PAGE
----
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Died at Canterbury, England, c. 803-805. Some sources state that Saint Ethelhard was abbot of Louth in Lincolnshire and a bishop of Winchester, England, before he was elevated to archbishop of Canterbury; however, Farmer says that he was not bishop of Winchester. His elevation to Canterbury's episcopal throne occurred just after King Offa and the pope divided the see to establish that of Lichfield. At first Ethelhard was unacceptable to his Kentish flock because it had just fallen under the domination of Mercia.

In 796, Offa died, Kent revolted, and Ethelhard was forced to flee. Through the intervention of Blessed Alcuin (f.d. May 19), Ethelhard was restored to Canterbury the following year. In 802, Pope Saint Leo III re-established Canterbury to its former status, put aside the idea of moving the metropolitan see to London, and abolished the see of Lichfield.

Ethelhard convened the synod of Clovesho (Beccanceld) in 803, which mandated that each newly elected bishop make a written profession of orthodoxy and pledge obedience to his metropolitan bishop. The Anglo-Saxon Church held several Councils at Clovesho and some account of them may be read at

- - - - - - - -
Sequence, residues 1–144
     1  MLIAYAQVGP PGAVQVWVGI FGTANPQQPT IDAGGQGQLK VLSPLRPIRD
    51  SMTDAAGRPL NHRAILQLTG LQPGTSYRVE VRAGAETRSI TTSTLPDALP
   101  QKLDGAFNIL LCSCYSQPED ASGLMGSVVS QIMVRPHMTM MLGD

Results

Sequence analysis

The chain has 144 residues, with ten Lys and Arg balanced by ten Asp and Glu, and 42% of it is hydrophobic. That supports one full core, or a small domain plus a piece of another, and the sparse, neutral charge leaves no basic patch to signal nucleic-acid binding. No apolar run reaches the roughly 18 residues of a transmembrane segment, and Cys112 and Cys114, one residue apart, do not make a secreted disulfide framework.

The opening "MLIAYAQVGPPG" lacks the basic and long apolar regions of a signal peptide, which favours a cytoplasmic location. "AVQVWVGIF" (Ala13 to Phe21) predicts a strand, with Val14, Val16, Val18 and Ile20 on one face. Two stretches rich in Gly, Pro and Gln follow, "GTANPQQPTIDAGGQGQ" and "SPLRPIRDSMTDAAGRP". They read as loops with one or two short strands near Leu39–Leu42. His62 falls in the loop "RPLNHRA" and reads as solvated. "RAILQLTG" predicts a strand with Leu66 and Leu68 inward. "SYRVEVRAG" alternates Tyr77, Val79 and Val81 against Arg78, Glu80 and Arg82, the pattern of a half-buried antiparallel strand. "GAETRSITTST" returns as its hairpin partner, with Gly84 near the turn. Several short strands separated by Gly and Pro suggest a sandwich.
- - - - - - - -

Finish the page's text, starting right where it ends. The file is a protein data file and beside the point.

At his death Ethelhard was buried in Canterbury's cathedral, where he is venerated primarily for having overseen the restoration of the see. His was one of the Anglo-Saxon cults suppressed by the Norman Lanfranc because there were no written documents of his life. [Lanfranc was notoriously unsympathetic to any manifestations of the pre-Norman church in Britain.] When no later writer picked up the challenge, Ethelhard's cultus seems to have died. There are, however, extant letters from Alcuin and Pope Leo to Saint Ethelhard (Benedictines, Farmer).

Another Life

St. Aethelheard of Louth and Canterbury

On entering the Temple in Louth one is soon confronted by St. Aethelheard. In the icon on sees a patient, resilient and tough person. There is more than a slight hint of the inner life of a monk in his eyes. So who is he? He was the fourteenth Archbishop of Canterbury who died on 12th May, 805. Very little is known of his life before he became Archbishop but he is described as "Abbas Hludensis Monasterii", i.e. Abbot of the Monastery of Louth.